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Link to an image of this page Link to an image of this page [k5r p153]

In receptatores sicariorum.

Those who harbour cut-throats

XCIIII.

Latronum furumque manus tibi Scaeva[1] per urbem
It comes, & diris cincta cohors gladiis.
Atque ita te mentis generosum prodige censes,
Qud tua complureis allicit olla malos.
En novus Actaeon, qui postqum cornua sumpsit
In praedam canibus se dedit ipse suis.[2]

An evil-minded band of ruffians and thieves accompanies you about the city, a gang of supporters armed with lethal swords. And so, you wastrel, you consider yourself a fine lordly fellow because your cooking pot draws in crowds of scoundrels. - Here’s a fresh Actaeon - he, after he grew his horns, became the prey of his own hunting dogs.

COMMENTARIA.

Actaeon filius Aristei, venationibus pluri-
mum delectabatur, ideoque canes quamplures
domi suae alebat. Cm ver semel post vena-
tionem defatigatus ad fluvium quendam secre-
tum lavandi recreandique gratia sese contulisset,
ibi fortuitu vidit Dianam (venationis deam
castitatis & solitudinis amicam,) nudam se
Link to an image of this page Link to an image of this page [k5v p154] lavantem, quae ob illud indignata statim illum
in cervum transmutavit, cumque domum redi-
re vellet Canibus suis propriis laniatus &
discerptus fuit, ut elegantissim Ovidius lib. 3.
Metamorphoseon. Idemque breviter. lib. 2. de tristibus.

Inscus Actaeon vidit sine veste Dianam:
Praeda suis canibus non minus ille fuit.

Sic etiam nonnulli vel ideo se generosos, li-
berales, & magnanimos putant, qud latro-
nes homicidas, proditores & huius farinae ho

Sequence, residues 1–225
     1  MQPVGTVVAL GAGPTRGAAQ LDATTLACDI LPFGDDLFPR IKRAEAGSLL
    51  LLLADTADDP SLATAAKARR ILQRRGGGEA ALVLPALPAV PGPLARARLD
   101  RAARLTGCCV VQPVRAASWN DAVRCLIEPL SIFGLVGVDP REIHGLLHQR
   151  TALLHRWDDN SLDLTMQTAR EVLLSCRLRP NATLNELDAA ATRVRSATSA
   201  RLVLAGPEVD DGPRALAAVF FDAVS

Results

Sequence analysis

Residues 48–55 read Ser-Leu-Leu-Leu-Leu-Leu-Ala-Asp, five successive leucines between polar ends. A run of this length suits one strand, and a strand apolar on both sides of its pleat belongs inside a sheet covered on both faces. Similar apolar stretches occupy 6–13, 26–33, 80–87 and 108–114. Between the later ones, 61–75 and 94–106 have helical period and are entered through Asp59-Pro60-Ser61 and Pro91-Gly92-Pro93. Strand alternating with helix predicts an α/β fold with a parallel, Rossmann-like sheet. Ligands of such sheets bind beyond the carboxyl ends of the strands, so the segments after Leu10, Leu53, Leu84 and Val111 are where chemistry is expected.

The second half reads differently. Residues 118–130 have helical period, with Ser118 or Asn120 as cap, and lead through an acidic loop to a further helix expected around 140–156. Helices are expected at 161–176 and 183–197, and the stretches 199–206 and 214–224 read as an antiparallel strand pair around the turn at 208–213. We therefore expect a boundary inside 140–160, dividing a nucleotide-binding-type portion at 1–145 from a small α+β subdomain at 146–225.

mines fovent, nutriunt, eisque comitibus superb
incedunt: cum hi prodigi potius sint nihilque
aliud qum novum Actaeonem repraesentent.

Notes:

1. Scaeva, ‘evil-minded’. The capital letter suggests that the Latin word could be taken as a proper name in the vocative case, i.e addressing one Scaeva.

2. For the story of Actaeon turned into a stag and killed by his own hounds, see Ovid, Metamorphoses 3.138ff. Similarly, the hangers-on will destroy the one who has fed them.


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Section: SCIENTIA (Learning). View all emblems in this section.

Link to an image of this page Link to an image of this page [N1v p194]

Eloquentia Fortitudine prae-
stantior.[1]

Eloquence superior to strength

Arcum laeva tenet: rigidam fert dextera clavam,
Contegit & Nemees corpora nuda leo.
Herculis haec igitur facies. non convenit illud
Qud vetus & senio tempora cana gerit.
Quid quod lingua illi levibus traiecta cathenis,
Queis fissa facileis allicit aure viros?
Ann qud Alciden lingua non robore Galli
Praestantem, populis iura dedisse ferunt?
Cedunt arma togae,[2] & quamvis durissima corda
Eloquio pollens ad sua vota trahit.

His left hand holds a bow, his right hand a stout club, the lion of Nemea clothes his bare body. So this is a figure of Hercules. But he is old and his temples grizzled with age - that does not fit. What of the fact that his tongue has light chains passing through it, which are attached to men’s pierced ears, and by them he draws them unresisting along? The reason is surely that the Gauls say that Alceus’ descendant excelled in eloquence rather than might and gave laws to the nations. - Weapons yield to the arts of peace, and even the hardest of hearts the skilled speaker can lead where he will.

Notes:

1. This epigram is closely based on Lucian’s essay, The Gallic Hercules.

2. Cf. Cicero’s notorious line, Cedant arma togae, concedat laurea linguae, ‘Let weapons yield to the arts of peace, let laurels yield to eloquence’ (quoted in Quintilian, Institutio oratoria 11.1.24).


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  • extinct, 'historical' peoples (with NAME) [32B2(GAULS)] Search | Browse Iconclass
  • 'litterae', symbolic representations, allegories and emblems ~ literature; 'Lettere' (Ripa) [48C90] Search | Browse Iconclass
  • Power of Eloquence; 'Forza sottoposta all'Eloquenza' (Ripa) (+ emblematical representation of concept) [52D31(+4)] Search | Browse Iconclass
  • Strength, Power; 'Fortezza', 'Fortezza d'Animo e di corpo', 'Fortezza del corpo congiunta con la generosit dell'animo', 'Fortezza & valore del corpo congiunto con la prudenza & virt del animo', 'Forza' (Ripa) [54A7] Search | Browse Iconclass

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